A programme to clear invasive shrubs is underway in Forestry Commission Wales’s woodlands on the Gower.
The work involves the cutting, chemical treatment and burning of Rhododendron ponticum and cherry laurel at Parkwood, near Parkmill and Millwood, near Penrice.
The aim is to eradicate these two invasive species from the woods, to allow native trees and ground flora to grow.
Parkwood and Millwood are both important pockets of native woodland within the Gower Area of Outstanding Natural Beauty (AONB). They provide rich habitats for many species of plants and animals.
The woodlands are also part of the Gower Ash Woods Special Area of Conservation, a European designation to preserve and enhance significant biodiversity sites.
Forestry Commission Wales Conservation Manager Rosalind Codd said, "Rhododendron ponticum and cherry laurel are invasive species which shade out the ground and stop native trees and ground flora from becoming established, reducing biodiversity in the woodlands.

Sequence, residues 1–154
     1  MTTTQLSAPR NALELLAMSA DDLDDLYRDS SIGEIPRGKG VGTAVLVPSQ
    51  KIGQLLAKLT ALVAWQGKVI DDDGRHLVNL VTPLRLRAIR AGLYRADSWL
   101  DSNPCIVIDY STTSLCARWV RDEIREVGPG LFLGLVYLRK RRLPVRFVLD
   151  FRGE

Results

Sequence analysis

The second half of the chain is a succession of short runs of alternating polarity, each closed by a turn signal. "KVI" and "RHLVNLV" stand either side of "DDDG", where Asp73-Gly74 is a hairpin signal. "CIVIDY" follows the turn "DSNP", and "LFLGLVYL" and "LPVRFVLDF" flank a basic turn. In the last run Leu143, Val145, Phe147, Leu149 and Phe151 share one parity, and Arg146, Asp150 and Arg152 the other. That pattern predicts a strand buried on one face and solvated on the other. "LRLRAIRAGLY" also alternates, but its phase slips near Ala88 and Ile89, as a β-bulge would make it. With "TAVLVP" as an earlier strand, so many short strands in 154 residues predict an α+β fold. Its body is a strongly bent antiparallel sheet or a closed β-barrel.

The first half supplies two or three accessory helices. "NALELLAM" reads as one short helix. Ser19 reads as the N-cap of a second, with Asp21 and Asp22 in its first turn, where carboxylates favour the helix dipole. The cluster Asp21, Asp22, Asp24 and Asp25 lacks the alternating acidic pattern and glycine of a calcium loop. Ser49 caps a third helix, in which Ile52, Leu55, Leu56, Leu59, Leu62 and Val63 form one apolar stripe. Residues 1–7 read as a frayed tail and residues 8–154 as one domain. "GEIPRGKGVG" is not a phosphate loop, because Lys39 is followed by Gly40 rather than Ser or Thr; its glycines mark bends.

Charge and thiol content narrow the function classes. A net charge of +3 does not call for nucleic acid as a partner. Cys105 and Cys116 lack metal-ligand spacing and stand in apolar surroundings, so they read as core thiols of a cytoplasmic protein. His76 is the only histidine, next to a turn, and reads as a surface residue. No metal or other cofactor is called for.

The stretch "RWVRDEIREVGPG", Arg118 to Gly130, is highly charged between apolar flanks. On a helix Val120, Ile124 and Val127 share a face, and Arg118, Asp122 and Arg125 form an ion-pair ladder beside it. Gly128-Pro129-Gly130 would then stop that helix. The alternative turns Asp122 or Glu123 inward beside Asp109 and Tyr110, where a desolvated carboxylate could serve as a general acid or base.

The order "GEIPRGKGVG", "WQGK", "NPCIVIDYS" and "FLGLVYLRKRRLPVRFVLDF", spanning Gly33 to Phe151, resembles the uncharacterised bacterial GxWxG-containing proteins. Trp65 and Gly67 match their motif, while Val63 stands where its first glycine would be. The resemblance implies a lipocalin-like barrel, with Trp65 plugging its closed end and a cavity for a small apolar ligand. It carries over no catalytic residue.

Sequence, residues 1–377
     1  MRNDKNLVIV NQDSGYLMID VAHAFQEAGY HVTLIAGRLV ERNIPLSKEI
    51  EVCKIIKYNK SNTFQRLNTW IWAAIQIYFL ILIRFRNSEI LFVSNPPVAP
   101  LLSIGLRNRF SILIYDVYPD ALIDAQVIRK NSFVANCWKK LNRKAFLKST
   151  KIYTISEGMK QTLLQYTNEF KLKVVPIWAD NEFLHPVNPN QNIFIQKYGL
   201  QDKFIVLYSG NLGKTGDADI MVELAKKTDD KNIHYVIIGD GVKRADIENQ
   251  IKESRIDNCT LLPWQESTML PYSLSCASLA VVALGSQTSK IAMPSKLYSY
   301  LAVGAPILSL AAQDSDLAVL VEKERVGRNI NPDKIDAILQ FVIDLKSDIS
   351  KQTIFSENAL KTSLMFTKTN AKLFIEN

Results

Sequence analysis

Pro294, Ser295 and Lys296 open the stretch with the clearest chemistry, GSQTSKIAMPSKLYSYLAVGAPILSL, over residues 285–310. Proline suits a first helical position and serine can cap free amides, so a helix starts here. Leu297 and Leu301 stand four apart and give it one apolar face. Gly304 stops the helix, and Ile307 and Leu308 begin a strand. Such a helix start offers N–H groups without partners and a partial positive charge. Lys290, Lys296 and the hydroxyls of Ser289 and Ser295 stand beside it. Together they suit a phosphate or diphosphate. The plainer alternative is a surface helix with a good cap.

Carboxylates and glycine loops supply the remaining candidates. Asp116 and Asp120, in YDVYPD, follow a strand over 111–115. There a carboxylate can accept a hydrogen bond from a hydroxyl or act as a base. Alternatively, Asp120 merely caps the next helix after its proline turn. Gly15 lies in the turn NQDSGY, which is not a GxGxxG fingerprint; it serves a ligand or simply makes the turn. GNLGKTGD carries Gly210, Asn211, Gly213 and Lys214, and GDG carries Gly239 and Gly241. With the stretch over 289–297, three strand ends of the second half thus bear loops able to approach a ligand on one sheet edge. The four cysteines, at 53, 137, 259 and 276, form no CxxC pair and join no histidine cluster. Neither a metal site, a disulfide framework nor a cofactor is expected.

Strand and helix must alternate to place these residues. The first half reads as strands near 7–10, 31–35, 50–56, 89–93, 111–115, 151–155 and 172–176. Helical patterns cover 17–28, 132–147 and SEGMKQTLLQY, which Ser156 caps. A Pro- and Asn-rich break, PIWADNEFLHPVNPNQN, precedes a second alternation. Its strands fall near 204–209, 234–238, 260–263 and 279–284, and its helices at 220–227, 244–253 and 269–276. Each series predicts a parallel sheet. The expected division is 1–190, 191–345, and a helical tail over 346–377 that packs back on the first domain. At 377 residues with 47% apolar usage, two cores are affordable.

"Removing these shrubs at Parkwood and Millwood will help restore the native woodlands and preserve the special landscape character of Wales."
The shrub clearance work is part of Forestry Commission Wales’s four year programme to control invasive species in the Gower AONB.
It supports the aims of the United Nations, which has declared 2010 as the International Year of Biodiversity.
The work is being carried out by M and D Services.
NOTES TO EDITORS
Forestry Commission Wales is the government department responsible for forestry policy and looks after the 126,000 hectares (309,000 acres) of public forests owned by the Welsh Assembly Government.
More information on the woodlands of Wales is available on www.forestry.gov.uk/wales
Press office contact: Mary Galliers, 0300 068 0057, firstname.lastname@example.org